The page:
Visit to Kannauj 2—Trip to Kannauj
Visit to Kannauj -- Trip to Kannauj
Part 2: Trip to Kannauj
On the evening of February 19th, I began the second major phase of the exploration of India's fascinating, dynamic and thriving fragrance industry. The focus of this journey was to study the ancient attar industry located in Kannauj, Uttar Pradesh. For at least 500 years since the time of the Mogul Empire the art and craft of the perfumer has been practiced here using equipment and techniques that have remained basically unchanged. Just as Grasse, France is considered the capital of the fragrance industry in Europe so is Kannauj considered in India.
The trip to this center began from the New Delhi Railway Station where I had the great pleasure of traveling with Mr. Ramakant Harlalka of Bombay and Dr. Masheswari of New Delhi. Both of these gentlemen possess a profound knowledge of India's fragrance industry within their respective disciplines. Ramakant is a chemical engineer whose company is involved with the fractional distillation of natural essential oils and manufacture of aroma chemicals. His involvement with India's essential oil industry is deep and he has made it a regular feature of his work to visit on a regular basis all the parts of the country that produce an incredible diversity of oils. It was due to his interest and enthusiasm for my proposed project of studying the fragrance industry of India from as many angles as possible that this current trip had been made possible. His colleague, Dr. Mashewari, is a distinguished scientist who has devoted his life to the study of the chemical properties of essential oils. It was a great honor to be in the company of two such dedicated people who were willing to generously share their knowledge and expertise with me.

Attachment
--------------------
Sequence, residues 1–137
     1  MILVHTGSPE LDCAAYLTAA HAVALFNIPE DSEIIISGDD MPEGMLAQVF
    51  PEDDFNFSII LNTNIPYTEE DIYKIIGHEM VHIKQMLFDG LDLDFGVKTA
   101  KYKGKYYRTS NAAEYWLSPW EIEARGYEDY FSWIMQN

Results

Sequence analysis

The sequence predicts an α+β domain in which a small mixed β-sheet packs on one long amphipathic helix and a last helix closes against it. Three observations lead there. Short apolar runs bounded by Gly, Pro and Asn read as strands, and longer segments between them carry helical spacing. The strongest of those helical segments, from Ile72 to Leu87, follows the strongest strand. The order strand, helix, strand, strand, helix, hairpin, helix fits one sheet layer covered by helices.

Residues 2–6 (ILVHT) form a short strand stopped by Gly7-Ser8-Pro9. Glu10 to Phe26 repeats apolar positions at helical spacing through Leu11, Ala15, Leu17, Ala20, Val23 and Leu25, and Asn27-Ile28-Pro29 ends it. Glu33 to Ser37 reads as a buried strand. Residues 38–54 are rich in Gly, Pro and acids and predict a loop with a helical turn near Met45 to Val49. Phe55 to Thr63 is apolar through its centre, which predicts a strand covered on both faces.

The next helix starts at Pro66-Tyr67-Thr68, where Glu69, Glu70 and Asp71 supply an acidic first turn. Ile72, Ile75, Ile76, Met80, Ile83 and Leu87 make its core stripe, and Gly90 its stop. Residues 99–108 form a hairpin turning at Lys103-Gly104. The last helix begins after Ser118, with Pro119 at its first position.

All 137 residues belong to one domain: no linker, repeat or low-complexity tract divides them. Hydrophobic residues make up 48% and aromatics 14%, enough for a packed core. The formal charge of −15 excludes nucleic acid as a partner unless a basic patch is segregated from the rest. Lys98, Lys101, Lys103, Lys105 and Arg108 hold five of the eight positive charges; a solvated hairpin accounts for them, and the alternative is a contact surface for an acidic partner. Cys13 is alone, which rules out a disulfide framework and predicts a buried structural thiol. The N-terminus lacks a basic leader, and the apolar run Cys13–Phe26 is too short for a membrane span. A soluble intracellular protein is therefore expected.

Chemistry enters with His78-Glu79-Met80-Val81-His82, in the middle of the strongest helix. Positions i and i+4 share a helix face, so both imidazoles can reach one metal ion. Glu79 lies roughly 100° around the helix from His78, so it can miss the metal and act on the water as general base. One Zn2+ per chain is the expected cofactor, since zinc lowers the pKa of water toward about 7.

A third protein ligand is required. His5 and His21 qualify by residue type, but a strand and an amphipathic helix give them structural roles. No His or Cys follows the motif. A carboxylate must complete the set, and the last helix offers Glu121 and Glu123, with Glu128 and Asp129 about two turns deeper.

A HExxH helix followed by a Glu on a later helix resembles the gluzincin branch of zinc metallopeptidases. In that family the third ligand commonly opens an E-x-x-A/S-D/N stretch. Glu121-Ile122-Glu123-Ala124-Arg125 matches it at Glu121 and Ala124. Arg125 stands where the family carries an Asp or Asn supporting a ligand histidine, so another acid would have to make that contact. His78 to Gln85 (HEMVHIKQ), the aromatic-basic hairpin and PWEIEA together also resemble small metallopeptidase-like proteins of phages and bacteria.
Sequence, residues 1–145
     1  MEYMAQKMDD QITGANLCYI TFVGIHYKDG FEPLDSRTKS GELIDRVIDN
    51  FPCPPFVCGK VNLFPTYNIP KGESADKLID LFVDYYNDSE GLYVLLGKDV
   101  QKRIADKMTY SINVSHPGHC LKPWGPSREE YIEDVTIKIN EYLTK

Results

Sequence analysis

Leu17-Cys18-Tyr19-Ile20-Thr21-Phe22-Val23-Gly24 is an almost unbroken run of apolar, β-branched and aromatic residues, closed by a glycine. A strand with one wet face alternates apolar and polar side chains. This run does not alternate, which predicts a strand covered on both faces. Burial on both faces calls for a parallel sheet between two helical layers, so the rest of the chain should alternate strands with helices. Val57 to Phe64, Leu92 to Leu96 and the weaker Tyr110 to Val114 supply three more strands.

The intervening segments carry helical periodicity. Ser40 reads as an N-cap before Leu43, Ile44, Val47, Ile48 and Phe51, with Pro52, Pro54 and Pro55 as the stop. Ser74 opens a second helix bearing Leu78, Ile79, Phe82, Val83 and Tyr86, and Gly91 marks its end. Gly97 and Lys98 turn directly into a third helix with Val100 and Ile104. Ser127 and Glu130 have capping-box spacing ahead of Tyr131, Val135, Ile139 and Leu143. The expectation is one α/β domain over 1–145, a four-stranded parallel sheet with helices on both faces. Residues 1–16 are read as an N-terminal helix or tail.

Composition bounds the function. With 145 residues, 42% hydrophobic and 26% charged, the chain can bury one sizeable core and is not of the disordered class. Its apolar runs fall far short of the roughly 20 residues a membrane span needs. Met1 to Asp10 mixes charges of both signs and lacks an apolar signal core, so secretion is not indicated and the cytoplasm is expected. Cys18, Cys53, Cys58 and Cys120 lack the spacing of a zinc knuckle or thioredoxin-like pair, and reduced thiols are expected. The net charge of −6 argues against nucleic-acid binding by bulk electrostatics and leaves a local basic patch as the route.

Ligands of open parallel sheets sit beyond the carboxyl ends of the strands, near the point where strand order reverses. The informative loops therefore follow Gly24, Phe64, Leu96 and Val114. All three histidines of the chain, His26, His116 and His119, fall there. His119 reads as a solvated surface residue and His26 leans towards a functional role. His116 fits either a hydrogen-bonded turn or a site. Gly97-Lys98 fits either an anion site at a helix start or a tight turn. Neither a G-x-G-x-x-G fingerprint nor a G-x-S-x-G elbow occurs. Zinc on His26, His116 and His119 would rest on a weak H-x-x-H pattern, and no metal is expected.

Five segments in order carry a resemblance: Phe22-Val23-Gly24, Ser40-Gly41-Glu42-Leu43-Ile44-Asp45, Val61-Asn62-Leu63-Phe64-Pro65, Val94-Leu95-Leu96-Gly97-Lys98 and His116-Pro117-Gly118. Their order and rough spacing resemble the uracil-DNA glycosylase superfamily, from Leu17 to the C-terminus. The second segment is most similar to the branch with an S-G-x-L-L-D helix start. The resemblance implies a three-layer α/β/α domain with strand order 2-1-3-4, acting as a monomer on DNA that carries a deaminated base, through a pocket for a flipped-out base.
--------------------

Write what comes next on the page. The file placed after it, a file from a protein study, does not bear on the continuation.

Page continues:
There is something truly magical about starting a journey in India from a train station. This is the most popular mode of transportation in the country and as such it is a place teeming with life. A Westerner first encountering a metropolitan railway station would be overwhelmed with the shear mass of humanity from every walk of life. The hustle and bustle and seeming chaos really does have an order and plan to it but not on first appearance. The whistles and clangs of trains entering or departing from the station, vendors hawking their wares, porters hustling to the cars with the luggage of the passengers, villagers coming to or leaving the city dressed in their local costumes, sadhus and yogis meandering through the crowds, and countless other scenes wash over one as one proceeds towards their own destination. It is a rich and diverse scene full of life and vitality; an ever changing panorama. I felt very happy to be in this crowd of life preparing to go to a very ancient part of the country.